My Mom did some sewing in part out of necessity and in part because she enjoyed textiles and is a very pragmatic person. I remember her making me a fine woolen coat in a muted gray/blue with pewter buttons for Christmas when I was 5. I heard her sewing machine humming away on Christmas Eve and I remember thinking “what is she making?’ She did not teach me to sew, but did take me to fabric stores where I too was drawn to fabric. My Grandmother [French Canadian] was a knitter & a smocker of fine baby clothes, and I deeply admired her work. She did not teach me to sew. Someone gave me one of those little sets of cotton crosstich – maybe some doll-sized napkins and placemats, and I asked – probably my mother – how to crosstich. She showed me [I was maybe 9 or 10]. In a couple of years I was doing fine crewel & embroidery, and I was in Junior High where I took Home Economics. THAT is where I learned to sew. Oddly enough, I recently became interested in Art Quilting/Free Motion and I had a small Art Quilting studio with a partner. Very visual and creative technique! Yes, watch a skilled person in anything done by hand and it is like learning a language! Susan C. Burghes

  15. Clothes were first for me at age 8 I started sewing with my Mom. But my great grandmother quilted and did it all by hand. She used leftover fabrics and made a lot of quilts for all of her grand children and great grandchildren (and there were a lot of them). When she passed we found about 10-15 quilt tops or squares that were never finished. My mother had them all finished, either by her or friends so all of the great great grandchildren could have a quilt. My mother started quilting then and about 3 years ago I decided that I should start since all the kids were grown and I knew that I would start having grandchildren and wanted to be able to give them something to have forever. I have started with making quilts for my daughter and 4 step kids and hope to make enough for them to have some for their kids when they ever start a family.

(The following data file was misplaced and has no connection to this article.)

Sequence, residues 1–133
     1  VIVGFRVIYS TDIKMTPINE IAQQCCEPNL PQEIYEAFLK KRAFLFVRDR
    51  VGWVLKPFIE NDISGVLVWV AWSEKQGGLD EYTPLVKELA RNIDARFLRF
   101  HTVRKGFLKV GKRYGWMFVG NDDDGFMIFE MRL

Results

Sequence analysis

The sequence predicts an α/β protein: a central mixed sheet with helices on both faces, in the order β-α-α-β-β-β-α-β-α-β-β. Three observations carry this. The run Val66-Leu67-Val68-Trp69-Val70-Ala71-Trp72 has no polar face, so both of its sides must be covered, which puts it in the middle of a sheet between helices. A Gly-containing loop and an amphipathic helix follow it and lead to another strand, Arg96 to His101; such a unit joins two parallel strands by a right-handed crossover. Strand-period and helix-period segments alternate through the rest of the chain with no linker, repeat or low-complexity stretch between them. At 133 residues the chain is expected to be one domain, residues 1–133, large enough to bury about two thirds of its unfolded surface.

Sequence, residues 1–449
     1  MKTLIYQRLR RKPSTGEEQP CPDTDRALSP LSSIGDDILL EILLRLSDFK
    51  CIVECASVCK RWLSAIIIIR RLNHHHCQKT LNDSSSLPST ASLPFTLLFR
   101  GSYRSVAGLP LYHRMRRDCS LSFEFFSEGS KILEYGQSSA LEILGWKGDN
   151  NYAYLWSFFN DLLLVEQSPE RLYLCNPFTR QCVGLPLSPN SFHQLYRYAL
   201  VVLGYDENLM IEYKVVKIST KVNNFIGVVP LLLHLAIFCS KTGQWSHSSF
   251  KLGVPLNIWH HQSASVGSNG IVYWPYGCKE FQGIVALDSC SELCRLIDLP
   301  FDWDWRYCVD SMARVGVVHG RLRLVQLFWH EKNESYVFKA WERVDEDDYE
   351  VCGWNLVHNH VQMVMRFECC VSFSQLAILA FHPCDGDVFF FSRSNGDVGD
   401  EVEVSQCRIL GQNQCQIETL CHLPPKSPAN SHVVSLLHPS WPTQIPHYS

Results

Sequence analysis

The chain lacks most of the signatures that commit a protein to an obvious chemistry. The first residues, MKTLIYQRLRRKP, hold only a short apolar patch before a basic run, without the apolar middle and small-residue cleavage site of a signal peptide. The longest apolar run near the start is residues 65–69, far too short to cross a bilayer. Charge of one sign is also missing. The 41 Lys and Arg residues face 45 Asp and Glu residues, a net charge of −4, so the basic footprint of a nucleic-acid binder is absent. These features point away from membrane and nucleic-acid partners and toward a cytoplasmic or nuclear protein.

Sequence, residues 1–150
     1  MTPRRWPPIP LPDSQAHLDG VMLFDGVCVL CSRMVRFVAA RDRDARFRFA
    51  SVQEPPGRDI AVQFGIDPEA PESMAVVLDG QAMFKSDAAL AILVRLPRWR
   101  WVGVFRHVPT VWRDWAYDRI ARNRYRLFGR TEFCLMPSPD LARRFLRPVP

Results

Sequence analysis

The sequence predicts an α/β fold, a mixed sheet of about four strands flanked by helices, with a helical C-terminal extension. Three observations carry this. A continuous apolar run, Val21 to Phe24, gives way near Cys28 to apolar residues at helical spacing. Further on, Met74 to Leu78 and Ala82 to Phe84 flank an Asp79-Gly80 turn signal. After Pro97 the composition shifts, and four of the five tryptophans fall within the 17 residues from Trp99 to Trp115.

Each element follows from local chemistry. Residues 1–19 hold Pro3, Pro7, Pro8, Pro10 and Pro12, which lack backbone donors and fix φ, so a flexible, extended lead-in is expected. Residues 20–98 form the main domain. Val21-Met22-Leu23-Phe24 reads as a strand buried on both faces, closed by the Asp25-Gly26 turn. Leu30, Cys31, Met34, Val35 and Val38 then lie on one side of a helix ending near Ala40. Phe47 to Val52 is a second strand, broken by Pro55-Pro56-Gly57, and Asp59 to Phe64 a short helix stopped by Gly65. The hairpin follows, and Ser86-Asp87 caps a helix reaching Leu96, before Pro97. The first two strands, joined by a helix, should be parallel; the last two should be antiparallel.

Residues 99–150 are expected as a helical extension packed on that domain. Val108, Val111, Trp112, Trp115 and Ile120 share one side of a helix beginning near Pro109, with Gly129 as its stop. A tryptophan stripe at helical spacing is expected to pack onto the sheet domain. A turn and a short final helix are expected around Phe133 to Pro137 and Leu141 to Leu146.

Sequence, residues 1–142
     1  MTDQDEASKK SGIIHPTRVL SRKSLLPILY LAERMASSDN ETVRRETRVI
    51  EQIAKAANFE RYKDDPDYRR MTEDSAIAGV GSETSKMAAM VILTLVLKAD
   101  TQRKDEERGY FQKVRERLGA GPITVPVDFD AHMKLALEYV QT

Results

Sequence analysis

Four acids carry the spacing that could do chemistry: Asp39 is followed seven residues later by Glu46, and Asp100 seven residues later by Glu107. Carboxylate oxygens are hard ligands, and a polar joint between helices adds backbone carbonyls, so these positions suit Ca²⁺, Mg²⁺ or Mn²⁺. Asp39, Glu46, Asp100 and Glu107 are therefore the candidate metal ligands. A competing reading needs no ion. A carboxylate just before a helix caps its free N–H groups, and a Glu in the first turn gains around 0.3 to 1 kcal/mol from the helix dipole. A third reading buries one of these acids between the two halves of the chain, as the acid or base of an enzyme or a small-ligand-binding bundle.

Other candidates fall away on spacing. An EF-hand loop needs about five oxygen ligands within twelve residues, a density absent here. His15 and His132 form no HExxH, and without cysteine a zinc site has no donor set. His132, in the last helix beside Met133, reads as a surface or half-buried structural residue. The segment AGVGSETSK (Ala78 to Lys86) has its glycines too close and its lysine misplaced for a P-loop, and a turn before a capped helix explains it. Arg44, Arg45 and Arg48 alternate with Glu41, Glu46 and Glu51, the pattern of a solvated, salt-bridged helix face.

16. Congratulations on your new move! Clothes was first for me. I come from a family of clothing sewers – my dad a tailor, my aunts(2) sewed samples for 7th avenue sample rooms – so I learned lots about structure and putting garments together. Then I went to cloth dolls where I love the costuming part and now art quilts.

  17. Sewing came first for me. My aunts sewed outfits for me and my dolls when I was little. Took Home Ec all through junior and high school. Then took stretch and sew in the 70’s and made everything I wore from the skin out. Saw a quilt in a magazine 1972 of Pennsylvania Dutch hex signs. tried to copy it. Not my best effort- used a regular bed sheet for the back ground and rick rack for pizazz–. gave it up. Then in 1991 took a log cabin in a day class and since then have been hooked on cutting up fabric and sewing the pieces together.

  18. I started with clothing, because I have a daughter and wanted to make dresses, I would allow her to wear. Then I had a son within that same year I did a quilt for him!